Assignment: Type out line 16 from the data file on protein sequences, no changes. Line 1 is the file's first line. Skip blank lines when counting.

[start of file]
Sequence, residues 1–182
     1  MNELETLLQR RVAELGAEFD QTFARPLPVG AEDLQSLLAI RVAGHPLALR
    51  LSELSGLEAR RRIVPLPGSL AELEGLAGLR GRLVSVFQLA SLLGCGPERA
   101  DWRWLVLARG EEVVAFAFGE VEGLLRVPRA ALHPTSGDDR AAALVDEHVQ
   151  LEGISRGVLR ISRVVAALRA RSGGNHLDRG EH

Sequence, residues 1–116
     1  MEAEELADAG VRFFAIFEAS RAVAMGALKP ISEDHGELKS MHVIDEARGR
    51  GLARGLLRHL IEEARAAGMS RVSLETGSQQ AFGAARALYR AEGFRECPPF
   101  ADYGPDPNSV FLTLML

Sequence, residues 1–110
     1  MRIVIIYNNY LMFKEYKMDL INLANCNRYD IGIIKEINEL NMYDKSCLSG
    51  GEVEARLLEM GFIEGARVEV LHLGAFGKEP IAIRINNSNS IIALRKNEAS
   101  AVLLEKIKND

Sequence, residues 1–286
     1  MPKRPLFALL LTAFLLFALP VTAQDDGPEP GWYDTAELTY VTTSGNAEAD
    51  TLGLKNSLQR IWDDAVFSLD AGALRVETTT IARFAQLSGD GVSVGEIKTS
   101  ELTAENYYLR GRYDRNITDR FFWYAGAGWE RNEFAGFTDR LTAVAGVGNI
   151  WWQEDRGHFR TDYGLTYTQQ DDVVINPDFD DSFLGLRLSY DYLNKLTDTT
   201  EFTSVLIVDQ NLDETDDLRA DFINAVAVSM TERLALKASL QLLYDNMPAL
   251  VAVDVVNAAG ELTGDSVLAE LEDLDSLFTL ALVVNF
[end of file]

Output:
    51  TLGLKNSLQR IWDDAVFSLD AGALRVETTT IARFAQLSGD GVSVGEIKTS